# [Haskell] Announce: revamped free theorems generator

Janis Voigtländer jv at informatik.uni-bonn.de
Tue Jun 22 07:32:38 EDT 2010

```Sebastian Fischer schrieb:
>
> On Jun 20, 2010, at 12:47 PM, Janis Voigtländer wrote:
>
>>> I tried to use the free theorem generator in order to check whether
>>> the only values of type `(Bool -> a) -> a` are `(\$True)` and `(\$False)`.
>>
>> Did you manage to do this now?
>
> Now it seems you did it for me, thanks!
>
> I am interested in a more general statement like
>
> For every given type  a  and function  f :: forall b . (a -> b) -> b
> there exists an  x :: a  such that  f = (\$x)  .

My gut feeling is that this statement indeed holds. To prove it, one
might have to use a generalization of the logical relations proof
technique from binary relations to n-ary relations, where n is the
number of inhabitants of your fixed type a.

For finite n, the mentioned generalization is unproblematic, so the
argument easily transfers from a=Bool to all finite a. For countable n,
I am not aware of the proper formal development, but again I think that
the statement holds. Whether to prove this via a generalization to
relations with countable arity, or whether via some encoding into list
types or so, I don't know...

> Jean-Philippe's remark
>
>> Using the main result of our ESOP paper (Testing Polymorphic Properties),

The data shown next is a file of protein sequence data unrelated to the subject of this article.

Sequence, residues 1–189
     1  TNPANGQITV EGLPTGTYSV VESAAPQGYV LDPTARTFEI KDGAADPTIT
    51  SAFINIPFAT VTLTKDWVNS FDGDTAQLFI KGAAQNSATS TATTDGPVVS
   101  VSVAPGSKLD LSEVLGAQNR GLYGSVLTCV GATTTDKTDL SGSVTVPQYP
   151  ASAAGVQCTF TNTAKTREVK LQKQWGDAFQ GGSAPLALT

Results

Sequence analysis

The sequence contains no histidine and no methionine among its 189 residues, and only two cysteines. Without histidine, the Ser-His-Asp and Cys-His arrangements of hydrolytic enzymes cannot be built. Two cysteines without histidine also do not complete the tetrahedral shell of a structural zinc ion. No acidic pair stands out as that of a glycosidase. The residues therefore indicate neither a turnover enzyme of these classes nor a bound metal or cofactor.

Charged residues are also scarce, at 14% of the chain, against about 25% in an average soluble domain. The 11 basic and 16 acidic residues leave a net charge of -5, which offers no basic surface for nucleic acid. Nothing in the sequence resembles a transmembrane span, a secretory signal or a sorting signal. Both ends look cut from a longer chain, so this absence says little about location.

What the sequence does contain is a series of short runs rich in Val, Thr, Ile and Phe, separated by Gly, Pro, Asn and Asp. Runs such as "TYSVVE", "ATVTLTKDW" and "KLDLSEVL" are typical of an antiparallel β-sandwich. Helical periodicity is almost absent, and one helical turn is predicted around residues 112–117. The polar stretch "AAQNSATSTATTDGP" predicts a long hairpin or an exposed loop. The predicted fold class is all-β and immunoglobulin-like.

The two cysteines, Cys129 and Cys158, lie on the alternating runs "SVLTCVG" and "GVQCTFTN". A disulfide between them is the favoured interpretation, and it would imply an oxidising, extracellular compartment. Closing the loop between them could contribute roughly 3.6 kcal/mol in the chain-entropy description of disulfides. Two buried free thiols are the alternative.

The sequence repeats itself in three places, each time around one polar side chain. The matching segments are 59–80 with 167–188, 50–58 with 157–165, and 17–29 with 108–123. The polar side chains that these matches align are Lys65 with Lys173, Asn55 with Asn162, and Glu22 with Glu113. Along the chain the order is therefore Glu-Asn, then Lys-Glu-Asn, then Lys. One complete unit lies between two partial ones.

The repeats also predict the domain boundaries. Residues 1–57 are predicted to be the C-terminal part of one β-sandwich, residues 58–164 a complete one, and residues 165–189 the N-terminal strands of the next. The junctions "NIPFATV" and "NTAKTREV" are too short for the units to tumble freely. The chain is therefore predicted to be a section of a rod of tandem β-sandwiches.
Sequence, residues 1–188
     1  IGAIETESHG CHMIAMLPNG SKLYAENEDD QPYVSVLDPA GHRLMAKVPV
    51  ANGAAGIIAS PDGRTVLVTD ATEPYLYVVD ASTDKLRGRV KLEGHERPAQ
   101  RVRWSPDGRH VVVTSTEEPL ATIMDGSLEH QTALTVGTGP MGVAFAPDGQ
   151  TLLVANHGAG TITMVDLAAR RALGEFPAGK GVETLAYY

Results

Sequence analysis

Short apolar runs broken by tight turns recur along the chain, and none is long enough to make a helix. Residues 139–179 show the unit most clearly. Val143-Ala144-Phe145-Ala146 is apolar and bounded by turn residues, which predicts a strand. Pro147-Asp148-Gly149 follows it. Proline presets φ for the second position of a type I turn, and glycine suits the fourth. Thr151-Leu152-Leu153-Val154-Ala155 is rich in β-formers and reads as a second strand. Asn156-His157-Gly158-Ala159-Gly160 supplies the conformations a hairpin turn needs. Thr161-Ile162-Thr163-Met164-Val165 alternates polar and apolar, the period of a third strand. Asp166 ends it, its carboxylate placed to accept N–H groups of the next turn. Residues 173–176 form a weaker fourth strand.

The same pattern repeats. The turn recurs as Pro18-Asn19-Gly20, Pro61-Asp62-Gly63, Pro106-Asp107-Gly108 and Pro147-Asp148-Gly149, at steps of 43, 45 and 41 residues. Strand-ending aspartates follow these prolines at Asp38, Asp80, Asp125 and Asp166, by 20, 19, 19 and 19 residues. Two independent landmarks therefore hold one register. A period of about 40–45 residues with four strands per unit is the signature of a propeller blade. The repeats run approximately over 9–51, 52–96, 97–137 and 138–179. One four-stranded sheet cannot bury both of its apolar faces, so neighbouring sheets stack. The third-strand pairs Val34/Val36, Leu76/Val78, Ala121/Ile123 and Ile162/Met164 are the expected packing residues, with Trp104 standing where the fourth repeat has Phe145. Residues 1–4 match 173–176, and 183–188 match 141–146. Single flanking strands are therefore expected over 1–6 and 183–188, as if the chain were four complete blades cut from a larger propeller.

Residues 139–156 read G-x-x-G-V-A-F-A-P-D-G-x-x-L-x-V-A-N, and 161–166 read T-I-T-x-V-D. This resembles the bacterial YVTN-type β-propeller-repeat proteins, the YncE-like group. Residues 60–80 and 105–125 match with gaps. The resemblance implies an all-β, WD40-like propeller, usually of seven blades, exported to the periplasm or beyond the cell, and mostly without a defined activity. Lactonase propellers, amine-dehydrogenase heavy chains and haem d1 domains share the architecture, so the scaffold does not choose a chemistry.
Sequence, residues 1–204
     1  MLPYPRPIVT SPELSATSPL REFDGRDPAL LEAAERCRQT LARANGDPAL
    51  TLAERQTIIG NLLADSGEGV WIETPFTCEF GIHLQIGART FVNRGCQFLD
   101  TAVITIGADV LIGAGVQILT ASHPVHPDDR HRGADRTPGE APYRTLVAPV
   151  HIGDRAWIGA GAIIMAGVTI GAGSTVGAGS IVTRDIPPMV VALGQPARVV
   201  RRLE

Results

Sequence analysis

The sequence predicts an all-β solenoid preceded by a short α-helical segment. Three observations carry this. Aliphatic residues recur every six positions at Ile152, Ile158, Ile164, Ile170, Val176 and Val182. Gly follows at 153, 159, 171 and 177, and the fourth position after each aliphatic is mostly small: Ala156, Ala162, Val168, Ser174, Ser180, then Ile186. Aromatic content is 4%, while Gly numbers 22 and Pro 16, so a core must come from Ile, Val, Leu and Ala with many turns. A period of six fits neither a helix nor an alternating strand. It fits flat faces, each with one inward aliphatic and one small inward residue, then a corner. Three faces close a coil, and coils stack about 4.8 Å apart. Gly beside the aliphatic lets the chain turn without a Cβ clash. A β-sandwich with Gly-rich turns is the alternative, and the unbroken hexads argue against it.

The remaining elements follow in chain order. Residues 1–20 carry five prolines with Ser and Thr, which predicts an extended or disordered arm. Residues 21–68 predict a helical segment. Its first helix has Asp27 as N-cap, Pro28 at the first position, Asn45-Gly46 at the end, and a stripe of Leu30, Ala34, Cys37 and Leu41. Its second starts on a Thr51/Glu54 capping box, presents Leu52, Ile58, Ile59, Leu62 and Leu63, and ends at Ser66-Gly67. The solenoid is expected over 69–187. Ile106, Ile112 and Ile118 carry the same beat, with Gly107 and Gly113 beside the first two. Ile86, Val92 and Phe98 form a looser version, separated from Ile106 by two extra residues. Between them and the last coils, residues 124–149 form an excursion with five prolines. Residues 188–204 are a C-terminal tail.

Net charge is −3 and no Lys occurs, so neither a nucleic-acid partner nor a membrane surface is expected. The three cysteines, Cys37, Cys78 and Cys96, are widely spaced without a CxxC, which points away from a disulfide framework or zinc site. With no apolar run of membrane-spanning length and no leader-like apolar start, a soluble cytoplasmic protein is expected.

>> you can get there for a large class of input types.
>
> suggests that this may not be true for certain types  a  .
>
> I need to read his paper again for the proof idea. Maybe I'll find a
> counter example then.

-> a) -> a" the statement that any such function is either (\$True) or
(\$False) does *not* follow from the results in that paper. So I gather
that you will find neither proof nor counterexample for the more general
statement in that paper either. (It's worth reading nevertheless!)

> A variant of the above statement incorporating type classes is:
>
> For every given type  a  and function
>
>     f :: forall b . Monoid b => ((a -> b) -> b)
>
> one of the following cases holds:
>
>     there exists  x  such that  f = \k -> k x
>
>     f = \_ -> mempty
>
>     there exists  g  and  h  such that  f = \k -> g k `mappend` h k

My take would be: for any a and f as you mention, there is a list l::[a]
such that

f k = foldr mappend mempty (map k l)

That would be under the precondition (only) that all Monoid instances
satisfy the monoid laws.

If we don't have this precondition, then instead of l::[a] I would
demand the existence of some binary (or empty) tree with leaf nodes of
type a, and in the definition of f above, I would replace the map and
foldr by the corresponding operations over such trees.

In both cases, your statement that f is either (\$x) for some x::a or is
const mempty or can be "factored" into some g and h via mappend, is a
relatively direct consequence of my statement(s).

> I find these statements plausible and would be interested in counter
> examples. If they are true, I'd feel that they may be easily shown by
> type information only, that is via free theorems.

I'm pretty confident that there are no counterexamples. A proof via
type-based reasoning would of course have to solve the problems I
free theorem involving type class Monoid (which the online generator can
derive, albeit for the case of binary relations/functions only, of course).

Ciao,
Janis.

--
Jun.-Prof. Dr. Janis Voigtländer
http://www.iai.uni-bonn.de/~jv/
mailto:jv at iai.uni-bonn.de
```